Amy Lane said...

THANK you! The canvas-bag buying, SUV driving asshole is one of my least favorite animals... and, dammit, I've got no crossbow permit for them varmints.

Michelle said...

You touched on a topic dear to my heart-Hummer driving assholes who park their giant ass SUVs in 4 spaces at the market. I want to ram them with my cart. The only thing worse is the people whose other car is a prius, god help me.

Ginger_nut said...

hear hear -

these are the same people who would want to ban dihydrogen monoxide because everyone who touches it dies. It has a 100% mortality rate.

I think it is hilarious that people who won't use rayon because it is synthetic (albeit from a 'natural' fibre) are so keen to embrace soysilk... which is the exact same thing except with a more specific source!

Bells said...

I'm with Jennu on the grey areas but I think the points you raise are all valid and the whole thing really requires people to think more.

It's about sustainability, not smug back patting because of empty gestures.

RobynR said...

*snrk* PETA. I wonder if these same morons refuse to clip their dogs toenails because it's not natural for the poor things to be pedicured.

Jilly Bean said...

Sadly, the people you just described make up half the population of the town I live in. You wouldn't believe the joyous uproar that the opening of a Trader Joe's caused. There were Explorers, Suburbans, and Escalades as far as the eye could see, all parked like shit.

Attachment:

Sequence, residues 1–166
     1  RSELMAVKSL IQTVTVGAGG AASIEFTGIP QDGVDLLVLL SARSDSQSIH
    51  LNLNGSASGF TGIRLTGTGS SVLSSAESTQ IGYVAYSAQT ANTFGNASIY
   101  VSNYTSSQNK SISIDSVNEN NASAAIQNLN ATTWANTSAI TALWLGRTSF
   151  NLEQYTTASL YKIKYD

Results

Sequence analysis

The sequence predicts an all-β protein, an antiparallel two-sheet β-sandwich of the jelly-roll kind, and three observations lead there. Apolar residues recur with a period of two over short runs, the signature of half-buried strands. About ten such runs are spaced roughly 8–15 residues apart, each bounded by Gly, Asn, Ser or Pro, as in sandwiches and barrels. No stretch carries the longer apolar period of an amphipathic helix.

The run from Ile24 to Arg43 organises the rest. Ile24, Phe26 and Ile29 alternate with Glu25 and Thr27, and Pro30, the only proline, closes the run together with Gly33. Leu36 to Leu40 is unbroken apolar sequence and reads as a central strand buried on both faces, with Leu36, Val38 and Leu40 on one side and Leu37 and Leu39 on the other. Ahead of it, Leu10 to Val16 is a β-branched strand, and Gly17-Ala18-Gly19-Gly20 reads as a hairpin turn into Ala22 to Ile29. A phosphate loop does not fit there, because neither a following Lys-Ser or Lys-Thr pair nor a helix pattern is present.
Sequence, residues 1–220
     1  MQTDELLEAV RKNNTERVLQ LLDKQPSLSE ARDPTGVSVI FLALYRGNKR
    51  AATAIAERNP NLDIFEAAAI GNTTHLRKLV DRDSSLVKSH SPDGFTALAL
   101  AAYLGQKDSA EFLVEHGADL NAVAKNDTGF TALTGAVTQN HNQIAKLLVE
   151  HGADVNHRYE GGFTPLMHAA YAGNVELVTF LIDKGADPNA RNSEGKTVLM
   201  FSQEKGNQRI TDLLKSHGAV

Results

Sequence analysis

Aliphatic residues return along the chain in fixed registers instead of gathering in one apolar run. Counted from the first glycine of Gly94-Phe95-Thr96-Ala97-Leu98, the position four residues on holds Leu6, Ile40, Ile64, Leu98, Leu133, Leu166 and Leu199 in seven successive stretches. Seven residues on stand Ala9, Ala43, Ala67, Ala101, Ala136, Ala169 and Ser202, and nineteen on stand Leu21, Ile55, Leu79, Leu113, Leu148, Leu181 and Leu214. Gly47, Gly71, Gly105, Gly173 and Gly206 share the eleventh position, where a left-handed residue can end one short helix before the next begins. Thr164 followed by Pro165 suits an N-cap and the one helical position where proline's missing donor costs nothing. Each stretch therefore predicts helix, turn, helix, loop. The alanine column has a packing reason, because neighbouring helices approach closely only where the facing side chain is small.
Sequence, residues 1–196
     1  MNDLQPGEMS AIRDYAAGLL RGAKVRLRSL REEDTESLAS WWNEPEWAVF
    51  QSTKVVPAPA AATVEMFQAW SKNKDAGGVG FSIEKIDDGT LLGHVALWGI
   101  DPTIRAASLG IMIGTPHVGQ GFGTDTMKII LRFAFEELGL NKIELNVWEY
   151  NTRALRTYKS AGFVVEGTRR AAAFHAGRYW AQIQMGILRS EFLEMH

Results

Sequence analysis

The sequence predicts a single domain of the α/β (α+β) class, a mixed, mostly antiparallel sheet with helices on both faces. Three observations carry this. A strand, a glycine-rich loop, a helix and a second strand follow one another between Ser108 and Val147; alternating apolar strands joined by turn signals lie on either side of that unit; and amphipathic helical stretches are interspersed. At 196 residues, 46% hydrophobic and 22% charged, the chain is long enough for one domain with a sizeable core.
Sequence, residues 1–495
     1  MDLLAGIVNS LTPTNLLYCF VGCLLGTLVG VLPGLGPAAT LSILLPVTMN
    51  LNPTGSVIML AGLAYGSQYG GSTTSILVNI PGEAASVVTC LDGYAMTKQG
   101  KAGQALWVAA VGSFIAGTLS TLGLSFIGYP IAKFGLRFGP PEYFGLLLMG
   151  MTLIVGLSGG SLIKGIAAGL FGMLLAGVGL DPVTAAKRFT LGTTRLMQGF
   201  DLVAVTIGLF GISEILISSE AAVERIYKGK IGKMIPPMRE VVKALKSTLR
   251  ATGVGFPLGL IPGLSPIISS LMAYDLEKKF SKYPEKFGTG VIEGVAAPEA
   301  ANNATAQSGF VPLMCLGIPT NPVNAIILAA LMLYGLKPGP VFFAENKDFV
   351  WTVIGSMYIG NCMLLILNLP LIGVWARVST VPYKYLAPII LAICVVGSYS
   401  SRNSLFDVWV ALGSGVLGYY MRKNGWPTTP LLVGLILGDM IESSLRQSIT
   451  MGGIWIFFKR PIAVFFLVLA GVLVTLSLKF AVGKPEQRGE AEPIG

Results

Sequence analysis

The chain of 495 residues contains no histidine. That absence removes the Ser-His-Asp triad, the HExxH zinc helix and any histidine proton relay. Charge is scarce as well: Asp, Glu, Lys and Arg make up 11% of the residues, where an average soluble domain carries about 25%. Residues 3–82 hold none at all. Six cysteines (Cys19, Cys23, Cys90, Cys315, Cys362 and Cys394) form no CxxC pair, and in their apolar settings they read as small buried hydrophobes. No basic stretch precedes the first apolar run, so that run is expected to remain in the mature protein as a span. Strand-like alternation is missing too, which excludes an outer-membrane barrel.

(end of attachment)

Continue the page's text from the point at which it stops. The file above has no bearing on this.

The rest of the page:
Liz said...

It's the same sort of cosmetic argument that labels produce "organic", when it's been flown halfway around the world, and tries to con us we're living a "green" lifestyle while we eat "organic" strawberries in December...

Regenia said...

Nettle, yucca, and beech bark? Those are things I've never heard of as fibers and I have a few books on the different yarn fibers and their properties. They sound awesome.... perhaps, please, that could be your next volume of Samurai encyclopedia? Fibers we should all know and love?

And Amen on the rest..... PETA is even on my lab for using animal byproducts in tissue culture.... tissue culture for cancer research.... I'm sure the cows are going through much more pain than the one in six humans that die of the disease. Sheesh!

Roxie said...